This year marks the first year applicable large employers (ALE; 50+ full time or full-time equivalent employees) are required to report employer-sponsored healthcare coverage to the IRS and provide statements to full-time employees under IRS Sections 6055 and 6056. To help circumvent common misperceptions and errors, this two-part blog series will look at: 1) what needs to be reported, what forms need to be used, and who needs to comply with reporting requirements; and 2) methods of reporting, deadlines, and penalty relief.
What needs to be reported?
All ALEs are required to report on health coverage offerings for all full-time employees (by month), regardless of if coverage was offered and/or accepted by none, some or all employees using Form 1095-C*, Employer-Provided Health Insurance Offer and Coverage and Form 1094-C*, Transmittal of Employer-Provided Health Insurance Offer and Coverage Information Returns. In addition, ALEs are required to provide a statement to each full-time employee with the same information reported to the IRS using Form 1095-C*, which helps employees determine if they qualify for the premium tax credit.
The IRS has published a quick guide for these two forms, detailing the information needed for both. For ALEs that self-insure, section III of Form 1095-C* needs to be filled out; for employers who offer fully insured coverage, section III can be left blank.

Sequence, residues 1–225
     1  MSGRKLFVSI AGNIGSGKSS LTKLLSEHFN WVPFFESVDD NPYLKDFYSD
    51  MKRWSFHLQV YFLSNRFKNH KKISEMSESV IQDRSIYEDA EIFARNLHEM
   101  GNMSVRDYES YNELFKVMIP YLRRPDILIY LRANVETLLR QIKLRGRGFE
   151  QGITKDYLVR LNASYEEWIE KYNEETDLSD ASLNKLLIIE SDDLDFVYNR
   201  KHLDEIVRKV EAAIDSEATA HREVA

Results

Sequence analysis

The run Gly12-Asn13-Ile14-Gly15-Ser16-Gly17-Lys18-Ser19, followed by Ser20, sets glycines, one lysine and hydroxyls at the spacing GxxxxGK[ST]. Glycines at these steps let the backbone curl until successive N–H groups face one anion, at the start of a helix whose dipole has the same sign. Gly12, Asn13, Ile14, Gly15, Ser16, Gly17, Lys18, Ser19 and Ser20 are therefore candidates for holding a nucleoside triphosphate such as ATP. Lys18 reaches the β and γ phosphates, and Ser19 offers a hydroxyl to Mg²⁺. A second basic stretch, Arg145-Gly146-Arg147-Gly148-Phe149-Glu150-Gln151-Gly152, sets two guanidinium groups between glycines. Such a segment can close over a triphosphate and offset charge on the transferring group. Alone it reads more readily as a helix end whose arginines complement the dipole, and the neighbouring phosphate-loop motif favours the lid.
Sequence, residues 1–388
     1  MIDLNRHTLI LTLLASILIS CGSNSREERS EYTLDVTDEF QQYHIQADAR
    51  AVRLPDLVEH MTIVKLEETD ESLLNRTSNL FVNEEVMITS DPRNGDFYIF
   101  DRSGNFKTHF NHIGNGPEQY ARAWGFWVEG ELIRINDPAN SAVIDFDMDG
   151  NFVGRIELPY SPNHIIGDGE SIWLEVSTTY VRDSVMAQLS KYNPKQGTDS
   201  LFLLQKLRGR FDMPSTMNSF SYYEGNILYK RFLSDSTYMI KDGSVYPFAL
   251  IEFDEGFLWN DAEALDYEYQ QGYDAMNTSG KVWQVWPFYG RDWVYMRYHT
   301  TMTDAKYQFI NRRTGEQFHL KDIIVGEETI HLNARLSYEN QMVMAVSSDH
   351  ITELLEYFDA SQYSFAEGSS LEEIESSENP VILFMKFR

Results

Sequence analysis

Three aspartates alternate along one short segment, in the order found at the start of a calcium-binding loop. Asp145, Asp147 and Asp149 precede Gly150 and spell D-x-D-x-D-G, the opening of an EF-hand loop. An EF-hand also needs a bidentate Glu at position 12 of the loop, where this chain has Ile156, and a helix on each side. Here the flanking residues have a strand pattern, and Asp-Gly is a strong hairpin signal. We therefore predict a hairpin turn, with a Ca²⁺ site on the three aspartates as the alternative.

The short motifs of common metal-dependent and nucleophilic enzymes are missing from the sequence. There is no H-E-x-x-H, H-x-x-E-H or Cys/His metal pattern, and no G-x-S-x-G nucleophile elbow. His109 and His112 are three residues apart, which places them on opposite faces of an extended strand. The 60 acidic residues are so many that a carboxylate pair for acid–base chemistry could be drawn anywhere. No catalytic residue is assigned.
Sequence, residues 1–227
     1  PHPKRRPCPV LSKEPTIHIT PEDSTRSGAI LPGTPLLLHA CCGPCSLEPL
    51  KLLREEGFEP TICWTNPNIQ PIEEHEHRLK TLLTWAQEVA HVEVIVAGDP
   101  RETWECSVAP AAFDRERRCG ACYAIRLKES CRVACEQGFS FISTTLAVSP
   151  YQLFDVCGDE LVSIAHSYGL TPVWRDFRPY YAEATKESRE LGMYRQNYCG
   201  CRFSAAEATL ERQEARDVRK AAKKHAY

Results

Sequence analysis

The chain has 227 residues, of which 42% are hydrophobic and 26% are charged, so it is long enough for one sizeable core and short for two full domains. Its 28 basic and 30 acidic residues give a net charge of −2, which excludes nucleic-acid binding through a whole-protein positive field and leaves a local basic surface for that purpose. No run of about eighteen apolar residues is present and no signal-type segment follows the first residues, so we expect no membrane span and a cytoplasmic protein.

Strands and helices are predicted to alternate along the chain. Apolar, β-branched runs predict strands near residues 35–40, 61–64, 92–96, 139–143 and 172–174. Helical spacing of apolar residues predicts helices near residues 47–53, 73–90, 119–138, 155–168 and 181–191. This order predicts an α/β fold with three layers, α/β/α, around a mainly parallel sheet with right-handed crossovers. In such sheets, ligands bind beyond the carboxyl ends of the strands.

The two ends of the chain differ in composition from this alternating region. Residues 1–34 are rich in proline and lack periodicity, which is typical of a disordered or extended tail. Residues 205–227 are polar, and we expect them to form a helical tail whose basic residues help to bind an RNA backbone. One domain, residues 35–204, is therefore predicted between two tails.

Who is expected to report?
No matter if you are fully insured through a carrier or self-insure group coverage, all ALEs are expected to provide information to the IRS. This includes for-profit, nonprofit, and government organizations. If an organization is part of an aggregated group that qualifies as an ALE, each company is required to file their own forms for all full-time employees using its individual employer identification number (EIN), regardless of if the individual organization has 50+ full-time employees or not. Organizations who do not qualify as an ALE but do provide self-insured coverage are required to report to the IRS and provide employee statements (using Form 1095-B and Form 1094-B) even though they are not subject to the employer shared responsibility provisions.
IRS Form 1095-C*
IRS Form 1094-C* (page 1)
IRS Form 1095-B*
IRS Form 1094-B*
Want to join Nonstop and reporting expert Rachel Johnson to learn more about these new forms?
Sign up for our webinar on September 29th, 2015:
The information and materials herein are provided for general information purposes only and are not intended to constitute legal or other advice or opinions on any specific matters and are not intended to replace the advice of a qualified attorney, plan provider or other professional advisor. This information has been taken from sources believed to be reliable, but there is no guarantee as to its accuracy. In accordance with IRS Circular 230, this communication is not intended or written to be used, and cannot be used as or considered a ‘covered opinion’ or other written tax advice and should not be relied upon for any purpose other than its intended purpose